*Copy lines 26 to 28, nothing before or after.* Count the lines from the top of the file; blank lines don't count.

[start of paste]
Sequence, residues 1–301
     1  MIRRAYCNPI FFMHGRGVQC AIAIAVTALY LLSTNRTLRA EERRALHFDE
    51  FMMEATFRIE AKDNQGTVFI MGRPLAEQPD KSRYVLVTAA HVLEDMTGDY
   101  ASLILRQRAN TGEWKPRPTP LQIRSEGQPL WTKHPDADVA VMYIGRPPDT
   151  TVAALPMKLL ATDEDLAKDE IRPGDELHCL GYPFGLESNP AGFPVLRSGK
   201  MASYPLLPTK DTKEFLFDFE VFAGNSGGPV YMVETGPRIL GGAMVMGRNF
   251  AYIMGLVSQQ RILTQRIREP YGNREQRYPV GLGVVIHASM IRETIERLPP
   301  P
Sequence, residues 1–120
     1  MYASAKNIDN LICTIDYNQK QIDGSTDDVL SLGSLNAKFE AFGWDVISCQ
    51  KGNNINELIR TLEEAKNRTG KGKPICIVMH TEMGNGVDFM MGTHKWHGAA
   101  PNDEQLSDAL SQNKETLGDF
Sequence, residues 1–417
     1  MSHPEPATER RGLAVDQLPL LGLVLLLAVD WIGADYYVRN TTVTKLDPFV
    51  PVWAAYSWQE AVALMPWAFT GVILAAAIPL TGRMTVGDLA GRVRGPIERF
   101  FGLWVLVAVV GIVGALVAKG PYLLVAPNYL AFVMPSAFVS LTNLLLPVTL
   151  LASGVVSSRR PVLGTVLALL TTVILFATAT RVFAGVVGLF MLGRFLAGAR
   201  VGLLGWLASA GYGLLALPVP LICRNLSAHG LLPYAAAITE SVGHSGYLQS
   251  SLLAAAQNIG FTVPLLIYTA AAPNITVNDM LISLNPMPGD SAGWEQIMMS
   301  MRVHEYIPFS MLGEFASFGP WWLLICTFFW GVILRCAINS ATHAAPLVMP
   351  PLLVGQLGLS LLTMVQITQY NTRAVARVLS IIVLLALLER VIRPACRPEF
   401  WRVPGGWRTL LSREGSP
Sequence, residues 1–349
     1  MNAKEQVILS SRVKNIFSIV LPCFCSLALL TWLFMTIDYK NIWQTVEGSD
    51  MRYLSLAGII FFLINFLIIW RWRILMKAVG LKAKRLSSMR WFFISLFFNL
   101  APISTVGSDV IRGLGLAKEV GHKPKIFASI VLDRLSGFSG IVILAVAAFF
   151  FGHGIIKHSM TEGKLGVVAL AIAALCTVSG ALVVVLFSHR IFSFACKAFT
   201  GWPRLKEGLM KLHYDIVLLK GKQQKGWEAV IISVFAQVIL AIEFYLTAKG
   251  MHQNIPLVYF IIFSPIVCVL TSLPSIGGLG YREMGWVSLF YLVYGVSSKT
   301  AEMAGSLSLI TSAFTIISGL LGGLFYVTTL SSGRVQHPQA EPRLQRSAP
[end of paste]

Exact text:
   101  APISTVGSDV IRGLGLAKEV GHKPKIFASI VLDRLSGFSG IVILAVAAFF
   151  FGHGIIKHSM TEGKLGVVAL AIAALCTVSG ALVVVLFSHR IFSFACKAFT
   201  GWPRLKEGLM KLHYDIVLLK GKQQKGWEAV IISVFAQVIL AIEFYLTAKG